Reservations may be made by phoning 360-460-7131.

Sequim

In Sequim, downtown comes to light in splashes of colors.

Driving down South Sequim Avenue from U.S. Highway 101 toward the downtown commercial core, lit up trees in the city landscape medians seem to point the way to the Bank of America Park light display at the southeast corner of the Sequim Avenue-Washington Street intersection.

Just north across Washington Street is the city Christmas tree in multicolored lights.

Nearby merchants participate with their own light shows.

Blyn

The biggest light show on the Peninsula is the glitter and glow of some 1.5 million holiday lights along both sides of U.S. Highway 101 at Blyn.

The Jamestown S’Klallam tribe has covered the 7 Cedars Casino and tribal offices in electric brilliance as a “give-back to the community,” said Jerry Allen, casino general manager.

The best way to view the lights is to pull over at the tribe’s Blyn rest stop on Highway 101 between Sequim and Port Townsend and walk around.

Visitors can also turn off 101 onto Old Blyn Highway fronting the tribal center, park at the visitor parking lot and walk around the area.

Take the walking tunnel under 101 to the east side where a walking trail allows viewing of the lights from different vantage points, with Sequim Bay as a backdrop.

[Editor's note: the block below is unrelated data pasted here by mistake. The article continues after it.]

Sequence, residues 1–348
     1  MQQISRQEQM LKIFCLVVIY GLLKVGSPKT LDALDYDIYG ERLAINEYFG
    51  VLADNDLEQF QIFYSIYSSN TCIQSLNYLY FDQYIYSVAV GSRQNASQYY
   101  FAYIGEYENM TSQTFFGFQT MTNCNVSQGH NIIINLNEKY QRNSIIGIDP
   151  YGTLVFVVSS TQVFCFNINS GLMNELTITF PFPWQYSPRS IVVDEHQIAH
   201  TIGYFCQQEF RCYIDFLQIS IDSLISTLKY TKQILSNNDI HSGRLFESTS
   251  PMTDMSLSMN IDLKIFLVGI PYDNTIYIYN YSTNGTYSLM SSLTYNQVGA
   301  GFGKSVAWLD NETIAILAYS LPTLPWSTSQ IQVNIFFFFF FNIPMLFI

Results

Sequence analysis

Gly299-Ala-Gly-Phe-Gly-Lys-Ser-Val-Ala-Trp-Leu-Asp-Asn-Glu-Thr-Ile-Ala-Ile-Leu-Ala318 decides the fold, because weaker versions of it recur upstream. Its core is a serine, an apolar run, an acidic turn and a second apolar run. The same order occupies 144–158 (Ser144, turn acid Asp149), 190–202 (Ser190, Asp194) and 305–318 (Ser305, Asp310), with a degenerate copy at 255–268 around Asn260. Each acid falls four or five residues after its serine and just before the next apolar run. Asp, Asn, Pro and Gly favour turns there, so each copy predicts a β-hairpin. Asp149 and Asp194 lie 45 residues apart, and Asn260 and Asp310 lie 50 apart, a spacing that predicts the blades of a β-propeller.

Jamestown S’Klallam Chairman Ron Allen has publicly called the lights the tribe’s holiday gift to the community.

Port Townsend

The lights in the downtown and uptown shopping districts are subtle and understated, in keeping with the town’s Victorian character.

Few displays would look out of place when the buildings were constructed.

The area of greatest concentration is around 19th Street and Discovery Road.

Otherwise, the appearance of a bright, ornate light display is a random occurrence.

For instance, 31st Street between Sheridan Street and Hancock Street has a half-dozen such displays, including a house with “Believe” spelled in lights across the roof.

South Jefferson County

South Jefferson County has always been known for its stunning holiday lights, said Ann Ricker of Quilcene, an artist who has volunteered to organize the North Hood Canal Chamber of Commerce Holiday Decorating Contest for some 19 or 20 years.

“Quilcene used to be famous for its decorations,” she said earlier this week. “When my husband and I lived in Sequim 25 years ago, we used to come down here because it was over the top. There is that tradition for decorating.”

Quilcene Conversations — a community improvement group that began a year ago — carried on much of that tradition this year, Ricker said.